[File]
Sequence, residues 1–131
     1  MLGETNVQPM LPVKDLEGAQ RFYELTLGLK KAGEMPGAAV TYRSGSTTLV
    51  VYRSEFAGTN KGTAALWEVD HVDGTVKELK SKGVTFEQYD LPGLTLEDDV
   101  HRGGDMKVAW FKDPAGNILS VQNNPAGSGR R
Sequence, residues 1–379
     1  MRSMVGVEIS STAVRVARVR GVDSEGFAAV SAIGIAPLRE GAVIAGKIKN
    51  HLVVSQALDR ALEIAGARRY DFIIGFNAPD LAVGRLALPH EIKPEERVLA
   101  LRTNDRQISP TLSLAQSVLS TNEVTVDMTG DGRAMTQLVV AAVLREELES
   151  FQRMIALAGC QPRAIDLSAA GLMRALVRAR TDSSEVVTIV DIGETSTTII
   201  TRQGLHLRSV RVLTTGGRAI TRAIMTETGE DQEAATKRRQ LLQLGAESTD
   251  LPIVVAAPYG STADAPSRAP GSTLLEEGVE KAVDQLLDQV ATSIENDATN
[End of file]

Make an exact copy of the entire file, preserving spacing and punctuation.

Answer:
Sequence, residues 1–131
     1  MLGETNVQPM LPVKDLEGAQ RFYELTLGLK KAGEMPGAAV TYRSGSTTLV
    51  VYRSEFAGTN KGTAALWEVD HVDGTVKELK SKGVTFEQYD LPGLTLEDDV
   101  HRGGDMKVAW FKDPAGNILS VQNNPAGSGR R
Sequence, residues 1–379
     1  MRSMVGVEIS STAVRVARVR GVDSEGFAAV SAIGIAPLRE GAVIAGKIKN
    51  HLVVSQALDR ALEIAGARRY DFIIGFNAPD LAVGRLALPH EIKPEERVLA
   101  LRTNDRQISP TLSLAQSVLS TNEVTVDMTG DGRAMTQLVV AAVLREELES
   151  FQRMIALAGC QPRAIDLSAA GLMRALVRAR TDSSEVVTIV DIGETSTTII
   201  TRQGLHLRSV RVLTTGGRAI TRAIMTETGE DQEAATKRRQ LLQLGAESTD
   251  LPIVVAAPYG STADAPSRAP GSTLLEEGVE KAVDQLLDQV ATSIENDATN